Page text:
Domestic Violence, Crime and Victims Act 2004 (Victims’ Code of Practice) Order 2020

This order brings the revised Code of Practice for Victims of Crime into operation on 1 April 2021. It sets out the services to be provided to victims of crime by relevant service providers and is being updated to take account of the responses to the Government consultation on Improving the Victims’ Code.

In light of responses to the consultation, a revised Victims’ Code was drafted, which focused on a number of key areas: raising awareness and accessibility; providing clearer information on victims’ rights to access practical and emotional support; strengthening communication and taking account of the victim’s preferences; and increasing the voice of the victim through providing more flexibility in the Victim Personal Statement process. It also changed the structure so that the Victims’ Code has a clearly defined set of 12 rights, that are easy for victims to understand.

The key changes in the revised Victims’ Code are:

a) Accessibility: The revised Code is simplified to one chapter from the existing five chapters and victims are the primary audience. The complex structure of the existing Code is changed so that the revised version clearly sets out 12 overarching rights that victims are entitled to receive and also make it clear at what point in the justice process victims should receive them.

To help ensure that practitioners are clear on the rights, and at what stage these rights need to be provided, we will also be publishing a separate document containing detailed information and guidance for them – at the time of implementation (1 April 2021).

b) Improved engagement: This option moves from a process where victims are simply informed when and how they will be contacted about their case to one where the frequency and method of communication is more victim led, whilst acknowledging that there may be times when a service provider is unable provide regular updates. Where this is the case the revised Code puts a duty on the service provider to explain why.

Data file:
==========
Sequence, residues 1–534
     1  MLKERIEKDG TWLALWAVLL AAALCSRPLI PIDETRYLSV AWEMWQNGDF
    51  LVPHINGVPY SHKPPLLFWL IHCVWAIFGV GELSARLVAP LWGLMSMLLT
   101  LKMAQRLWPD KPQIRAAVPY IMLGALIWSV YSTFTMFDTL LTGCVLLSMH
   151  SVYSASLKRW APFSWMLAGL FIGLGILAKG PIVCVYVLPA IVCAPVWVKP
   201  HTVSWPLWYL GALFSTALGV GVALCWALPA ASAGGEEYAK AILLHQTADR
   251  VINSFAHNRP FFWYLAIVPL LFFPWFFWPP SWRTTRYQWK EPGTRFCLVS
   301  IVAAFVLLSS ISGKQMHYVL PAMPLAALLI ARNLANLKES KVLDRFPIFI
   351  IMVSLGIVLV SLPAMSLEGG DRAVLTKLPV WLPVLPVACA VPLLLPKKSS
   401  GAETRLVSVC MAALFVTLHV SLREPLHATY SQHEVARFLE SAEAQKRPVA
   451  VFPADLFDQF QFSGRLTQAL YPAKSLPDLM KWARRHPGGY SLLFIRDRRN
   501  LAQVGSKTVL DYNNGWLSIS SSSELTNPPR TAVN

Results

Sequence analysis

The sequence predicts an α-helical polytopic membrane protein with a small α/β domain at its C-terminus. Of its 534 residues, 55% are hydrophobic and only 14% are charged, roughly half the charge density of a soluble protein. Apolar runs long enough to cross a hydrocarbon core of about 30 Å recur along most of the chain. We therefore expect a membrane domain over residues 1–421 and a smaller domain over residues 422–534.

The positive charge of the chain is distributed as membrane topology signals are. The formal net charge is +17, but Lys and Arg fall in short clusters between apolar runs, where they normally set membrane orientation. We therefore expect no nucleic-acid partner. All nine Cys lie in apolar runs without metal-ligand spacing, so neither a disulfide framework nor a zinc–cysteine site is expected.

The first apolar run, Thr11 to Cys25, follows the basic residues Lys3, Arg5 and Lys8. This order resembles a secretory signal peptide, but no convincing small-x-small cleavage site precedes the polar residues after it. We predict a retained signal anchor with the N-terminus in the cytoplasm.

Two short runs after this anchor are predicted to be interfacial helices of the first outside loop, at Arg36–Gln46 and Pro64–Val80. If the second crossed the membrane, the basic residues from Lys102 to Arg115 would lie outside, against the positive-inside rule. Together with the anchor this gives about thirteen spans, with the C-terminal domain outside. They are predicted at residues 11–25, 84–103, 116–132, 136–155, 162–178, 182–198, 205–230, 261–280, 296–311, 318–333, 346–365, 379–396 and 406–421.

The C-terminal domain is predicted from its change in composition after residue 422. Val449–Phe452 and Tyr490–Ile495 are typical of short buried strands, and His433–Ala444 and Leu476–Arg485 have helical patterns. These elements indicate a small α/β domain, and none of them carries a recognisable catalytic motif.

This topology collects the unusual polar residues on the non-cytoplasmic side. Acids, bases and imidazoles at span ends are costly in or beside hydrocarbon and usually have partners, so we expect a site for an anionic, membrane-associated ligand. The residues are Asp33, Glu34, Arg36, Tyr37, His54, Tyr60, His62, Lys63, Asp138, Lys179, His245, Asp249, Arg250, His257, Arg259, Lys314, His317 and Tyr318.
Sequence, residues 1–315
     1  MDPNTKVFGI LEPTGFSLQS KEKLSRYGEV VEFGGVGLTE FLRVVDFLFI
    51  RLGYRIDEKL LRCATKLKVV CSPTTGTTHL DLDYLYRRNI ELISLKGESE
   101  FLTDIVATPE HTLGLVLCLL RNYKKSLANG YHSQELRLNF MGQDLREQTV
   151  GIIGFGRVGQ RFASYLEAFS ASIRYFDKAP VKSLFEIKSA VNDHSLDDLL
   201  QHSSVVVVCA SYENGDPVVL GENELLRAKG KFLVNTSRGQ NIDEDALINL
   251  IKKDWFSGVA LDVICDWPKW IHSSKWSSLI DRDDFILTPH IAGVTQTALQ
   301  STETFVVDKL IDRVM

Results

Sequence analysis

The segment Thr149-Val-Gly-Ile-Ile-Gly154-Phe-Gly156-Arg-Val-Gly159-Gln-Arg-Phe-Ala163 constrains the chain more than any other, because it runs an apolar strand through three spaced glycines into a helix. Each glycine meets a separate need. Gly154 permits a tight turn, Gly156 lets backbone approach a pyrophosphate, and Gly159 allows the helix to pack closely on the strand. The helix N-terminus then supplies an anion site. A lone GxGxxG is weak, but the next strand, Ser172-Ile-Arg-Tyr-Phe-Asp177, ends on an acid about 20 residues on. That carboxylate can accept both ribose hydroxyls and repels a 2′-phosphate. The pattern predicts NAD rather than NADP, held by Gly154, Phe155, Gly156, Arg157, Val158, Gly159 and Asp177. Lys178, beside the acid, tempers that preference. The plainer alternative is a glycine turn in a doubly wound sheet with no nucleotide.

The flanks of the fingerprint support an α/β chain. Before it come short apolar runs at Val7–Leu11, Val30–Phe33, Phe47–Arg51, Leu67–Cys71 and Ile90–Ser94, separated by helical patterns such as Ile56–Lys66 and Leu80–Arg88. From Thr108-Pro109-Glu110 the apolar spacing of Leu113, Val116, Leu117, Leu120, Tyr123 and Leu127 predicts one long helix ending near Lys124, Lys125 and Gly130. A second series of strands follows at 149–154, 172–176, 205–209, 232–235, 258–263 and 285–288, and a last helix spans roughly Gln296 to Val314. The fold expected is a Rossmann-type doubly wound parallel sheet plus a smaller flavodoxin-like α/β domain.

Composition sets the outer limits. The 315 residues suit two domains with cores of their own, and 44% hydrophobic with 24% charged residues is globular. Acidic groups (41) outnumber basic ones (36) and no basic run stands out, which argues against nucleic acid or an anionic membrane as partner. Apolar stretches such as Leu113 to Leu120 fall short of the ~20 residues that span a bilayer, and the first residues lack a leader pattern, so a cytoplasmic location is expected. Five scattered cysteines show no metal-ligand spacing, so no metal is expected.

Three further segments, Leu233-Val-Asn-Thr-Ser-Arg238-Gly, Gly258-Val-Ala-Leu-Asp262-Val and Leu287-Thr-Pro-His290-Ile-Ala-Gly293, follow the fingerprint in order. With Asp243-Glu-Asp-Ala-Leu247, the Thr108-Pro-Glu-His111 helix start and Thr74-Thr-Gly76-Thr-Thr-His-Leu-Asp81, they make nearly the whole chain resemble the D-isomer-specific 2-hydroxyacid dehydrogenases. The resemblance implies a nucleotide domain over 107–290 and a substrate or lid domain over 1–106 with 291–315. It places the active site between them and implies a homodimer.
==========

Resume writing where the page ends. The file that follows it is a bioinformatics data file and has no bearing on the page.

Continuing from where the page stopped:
c) Victim Personal Statement (VPS): The current Code requires that victims are offered the opportunity to make a VPS at the same point that the witness statement is taken. Under the revised Code, service providers have more flexibility on the timing of the offer, for example by offering the opportunity to make a VPS when a suspect is charged. However, victims must still be provided with the option of providing a VPS when they report a crime. Furthermore, victims are now be able to request a copy of their VPS.

d) Support for victims of mentally disordered offenders: Victim Liaison Officers are already assigned to victims of restricted patients and this option would extend their role to include support for victims of unrestricted patients. This brings greater parity in rights for these victims, ensuring consistency in the level of information and the way it is provided.

e) Access to Support – Awareness of Support: The revised Code includes clearer information about the ability to access support:

• without the need to report incidents to the police;
• at any time during the investigation and prosecution;
• if the case is stopped; or
• at the end of the case.

f) Specialist Support: Whilst retaining the existing eligibility categories for access to specialist support, this makes it clearer that service providers have the discretion to offer enhanced support to victims who fall outside the scope of the existing categories”.

Domestic Abuse update – Additional funding for victims of rape and domestic abuse